And so, that’s all we’re doing here at the end of the day is, we’re giving people, employers control. And when they get control, they get to take the profits back for themselves, and they spend a lot less money, and their employees are happier. And the decision-makers at the employers are happier, and that’s what we’re really after here. That’s just a few of our differentiators, I just wanted to point out some of them. There’s a lot of them, but I just wanted to point those out.
Okay, so let’s move on now to leak number four: my self-funded clients are already doing well, also known as, if it ain’t broke, don’t fix it. So, that probably shouldn’t be your attitude, it’s really our job as the innovators and as the innovative broker, to move and improve your clients’ condition over time. And so, you’re getting them from where they are, and thinking today, to where they need to be tomorrow. And so, change is only hard and uncomfortable when there is no new information to shed light on the unknown. And that’s why we can never really bury our heads in the sand on this stuff.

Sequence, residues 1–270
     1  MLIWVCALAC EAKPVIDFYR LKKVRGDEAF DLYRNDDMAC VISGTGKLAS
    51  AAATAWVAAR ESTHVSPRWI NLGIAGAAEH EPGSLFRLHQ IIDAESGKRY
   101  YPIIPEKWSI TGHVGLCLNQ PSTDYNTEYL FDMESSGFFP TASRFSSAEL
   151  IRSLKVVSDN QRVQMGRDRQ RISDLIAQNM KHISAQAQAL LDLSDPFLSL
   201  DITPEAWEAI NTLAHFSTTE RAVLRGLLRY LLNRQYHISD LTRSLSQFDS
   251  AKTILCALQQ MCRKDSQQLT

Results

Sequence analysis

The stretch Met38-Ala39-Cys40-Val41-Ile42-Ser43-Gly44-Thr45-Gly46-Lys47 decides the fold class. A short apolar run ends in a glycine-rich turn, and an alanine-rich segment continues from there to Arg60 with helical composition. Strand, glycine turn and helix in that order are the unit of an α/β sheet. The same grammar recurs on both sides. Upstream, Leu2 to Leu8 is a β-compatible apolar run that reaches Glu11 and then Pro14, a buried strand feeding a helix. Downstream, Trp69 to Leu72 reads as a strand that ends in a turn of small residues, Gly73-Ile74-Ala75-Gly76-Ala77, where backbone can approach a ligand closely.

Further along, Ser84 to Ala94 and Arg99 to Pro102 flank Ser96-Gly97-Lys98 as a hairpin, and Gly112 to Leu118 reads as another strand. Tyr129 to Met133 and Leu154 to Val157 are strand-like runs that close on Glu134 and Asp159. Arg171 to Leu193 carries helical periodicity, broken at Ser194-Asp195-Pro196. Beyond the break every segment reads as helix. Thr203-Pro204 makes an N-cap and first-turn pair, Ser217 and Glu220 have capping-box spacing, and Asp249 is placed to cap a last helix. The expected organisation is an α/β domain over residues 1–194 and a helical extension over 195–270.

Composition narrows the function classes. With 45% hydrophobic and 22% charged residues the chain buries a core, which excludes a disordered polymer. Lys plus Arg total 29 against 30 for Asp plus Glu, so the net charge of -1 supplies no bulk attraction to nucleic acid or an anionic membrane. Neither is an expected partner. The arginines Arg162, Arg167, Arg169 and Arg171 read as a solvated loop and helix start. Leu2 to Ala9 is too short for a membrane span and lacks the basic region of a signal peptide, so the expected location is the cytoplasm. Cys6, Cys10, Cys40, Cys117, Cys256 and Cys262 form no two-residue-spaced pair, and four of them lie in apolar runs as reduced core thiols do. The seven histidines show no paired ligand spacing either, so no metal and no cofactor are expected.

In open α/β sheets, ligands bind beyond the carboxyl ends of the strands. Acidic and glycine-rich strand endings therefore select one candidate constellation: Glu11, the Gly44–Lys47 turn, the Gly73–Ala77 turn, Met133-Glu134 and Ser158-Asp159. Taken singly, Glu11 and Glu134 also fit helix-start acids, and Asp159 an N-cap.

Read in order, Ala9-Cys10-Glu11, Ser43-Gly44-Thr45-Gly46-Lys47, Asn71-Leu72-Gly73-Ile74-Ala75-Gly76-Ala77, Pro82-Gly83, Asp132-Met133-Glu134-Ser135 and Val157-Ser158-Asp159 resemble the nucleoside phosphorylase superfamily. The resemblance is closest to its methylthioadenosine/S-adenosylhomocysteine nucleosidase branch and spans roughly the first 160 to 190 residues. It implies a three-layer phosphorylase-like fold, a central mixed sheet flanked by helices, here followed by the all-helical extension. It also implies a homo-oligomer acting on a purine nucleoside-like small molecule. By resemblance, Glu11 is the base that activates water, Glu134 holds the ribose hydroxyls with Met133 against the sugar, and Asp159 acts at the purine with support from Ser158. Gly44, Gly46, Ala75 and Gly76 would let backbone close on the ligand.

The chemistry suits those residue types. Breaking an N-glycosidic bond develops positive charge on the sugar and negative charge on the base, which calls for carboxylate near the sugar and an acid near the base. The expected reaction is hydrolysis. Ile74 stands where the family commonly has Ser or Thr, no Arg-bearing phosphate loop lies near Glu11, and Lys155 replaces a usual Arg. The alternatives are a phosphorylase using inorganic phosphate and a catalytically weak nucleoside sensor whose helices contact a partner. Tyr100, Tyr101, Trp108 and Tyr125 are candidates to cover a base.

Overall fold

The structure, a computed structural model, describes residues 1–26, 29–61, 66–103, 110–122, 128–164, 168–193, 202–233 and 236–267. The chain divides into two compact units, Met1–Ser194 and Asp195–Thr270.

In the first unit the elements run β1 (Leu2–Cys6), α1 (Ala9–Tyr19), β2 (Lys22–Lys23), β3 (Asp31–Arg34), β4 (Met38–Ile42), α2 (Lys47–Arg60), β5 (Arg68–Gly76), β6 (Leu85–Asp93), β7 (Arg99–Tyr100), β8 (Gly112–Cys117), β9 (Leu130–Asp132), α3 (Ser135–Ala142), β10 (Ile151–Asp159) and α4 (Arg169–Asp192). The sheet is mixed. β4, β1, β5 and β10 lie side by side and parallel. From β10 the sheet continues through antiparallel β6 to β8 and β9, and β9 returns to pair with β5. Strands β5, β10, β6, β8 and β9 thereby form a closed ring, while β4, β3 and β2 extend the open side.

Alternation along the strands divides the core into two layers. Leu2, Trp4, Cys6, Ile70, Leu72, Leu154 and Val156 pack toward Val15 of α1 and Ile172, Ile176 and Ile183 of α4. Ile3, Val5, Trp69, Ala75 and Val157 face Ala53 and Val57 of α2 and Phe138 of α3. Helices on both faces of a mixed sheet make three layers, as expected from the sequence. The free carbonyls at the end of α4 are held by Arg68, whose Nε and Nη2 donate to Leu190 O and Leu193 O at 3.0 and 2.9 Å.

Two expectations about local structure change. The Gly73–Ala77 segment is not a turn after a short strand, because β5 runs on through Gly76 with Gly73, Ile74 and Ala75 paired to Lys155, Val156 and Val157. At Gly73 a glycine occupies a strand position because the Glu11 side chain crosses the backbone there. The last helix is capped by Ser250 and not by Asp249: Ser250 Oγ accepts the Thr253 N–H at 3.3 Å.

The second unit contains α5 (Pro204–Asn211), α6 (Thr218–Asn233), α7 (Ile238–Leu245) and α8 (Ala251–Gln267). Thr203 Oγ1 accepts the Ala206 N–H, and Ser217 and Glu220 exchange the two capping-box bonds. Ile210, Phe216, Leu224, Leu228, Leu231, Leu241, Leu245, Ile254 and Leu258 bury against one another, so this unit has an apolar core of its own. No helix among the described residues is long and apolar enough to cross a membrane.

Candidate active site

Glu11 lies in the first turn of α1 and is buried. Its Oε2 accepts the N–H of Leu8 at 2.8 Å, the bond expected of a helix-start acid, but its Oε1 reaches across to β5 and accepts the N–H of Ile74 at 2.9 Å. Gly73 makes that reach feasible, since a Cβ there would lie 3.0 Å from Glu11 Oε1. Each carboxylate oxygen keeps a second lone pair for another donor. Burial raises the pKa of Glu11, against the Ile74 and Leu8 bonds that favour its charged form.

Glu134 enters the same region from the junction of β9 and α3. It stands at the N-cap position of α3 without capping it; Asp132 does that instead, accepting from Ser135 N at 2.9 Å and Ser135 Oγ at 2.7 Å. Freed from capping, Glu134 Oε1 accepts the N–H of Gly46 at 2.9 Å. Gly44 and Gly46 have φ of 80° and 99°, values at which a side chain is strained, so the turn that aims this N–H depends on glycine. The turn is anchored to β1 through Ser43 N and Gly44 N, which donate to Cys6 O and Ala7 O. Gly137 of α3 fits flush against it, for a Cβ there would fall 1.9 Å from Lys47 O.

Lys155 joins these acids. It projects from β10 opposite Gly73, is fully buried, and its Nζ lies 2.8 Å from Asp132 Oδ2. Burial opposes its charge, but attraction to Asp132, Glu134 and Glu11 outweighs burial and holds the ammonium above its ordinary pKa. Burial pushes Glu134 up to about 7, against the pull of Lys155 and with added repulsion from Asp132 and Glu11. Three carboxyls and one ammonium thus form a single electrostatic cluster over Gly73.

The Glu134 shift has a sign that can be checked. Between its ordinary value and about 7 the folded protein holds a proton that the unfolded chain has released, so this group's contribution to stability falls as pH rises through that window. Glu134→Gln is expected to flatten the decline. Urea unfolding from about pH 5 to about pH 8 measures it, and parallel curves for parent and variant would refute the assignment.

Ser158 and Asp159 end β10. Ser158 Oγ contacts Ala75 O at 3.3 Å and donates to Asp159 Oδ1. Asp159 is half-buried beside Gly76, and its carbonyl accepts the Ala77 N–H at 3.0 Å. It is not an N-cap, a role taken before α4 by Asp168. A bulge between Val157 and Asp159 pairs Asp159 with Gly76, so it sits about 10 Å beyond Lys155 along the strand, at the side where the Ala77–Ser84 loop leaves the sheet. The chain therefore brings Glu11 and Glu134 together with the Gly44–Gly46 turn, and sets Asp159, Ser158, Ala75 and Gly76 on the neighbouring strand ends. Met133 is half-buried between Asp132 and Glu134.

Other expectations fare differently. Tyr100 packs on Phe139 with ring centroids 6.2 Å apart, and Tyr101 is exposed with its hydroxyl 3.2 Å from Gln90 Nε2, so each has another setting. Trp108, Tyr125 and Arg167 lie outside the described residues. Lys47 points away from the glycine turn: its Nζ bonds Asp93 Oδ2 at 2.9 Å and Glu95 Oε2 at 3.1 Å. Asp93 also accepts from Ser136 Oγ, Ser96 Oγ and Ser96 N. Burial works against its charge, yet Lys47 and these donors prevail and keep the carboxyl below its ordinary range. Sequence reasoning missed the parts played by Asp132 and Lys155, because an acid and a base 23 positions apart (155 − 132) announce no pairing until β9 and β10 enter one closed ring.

And so, in fact, here at Everlong, most of our clients come from traditional self-funding. They stopped this little leak that was keeping them and their clients in a treading water situation. You can now help your clients see the enlightened, better path, the better way forward. And I think it really is moving down that spectrum, obviously, from being traditionally self-funded to self-funding and a captive, and all the things that come along with that.
So, in closing, I want to talk about what a paradigm shift looks like and feels like. It’s disruptive to the calm equilibrium of the status quo, your comfortable habits. We’ve all been there. But with any type of innovation, there are the innovators. I think we’re one of them, here at Everlong. You got the early adopters, you got the early majority, you got the late majority, and then you got the laggards. And so, we’re currently in that phase between the early adopters and the early majority, called the chasm. And if your clients don’t cross the chasm and reach the early majority segment, you’re going to miss out on tremendous upside here.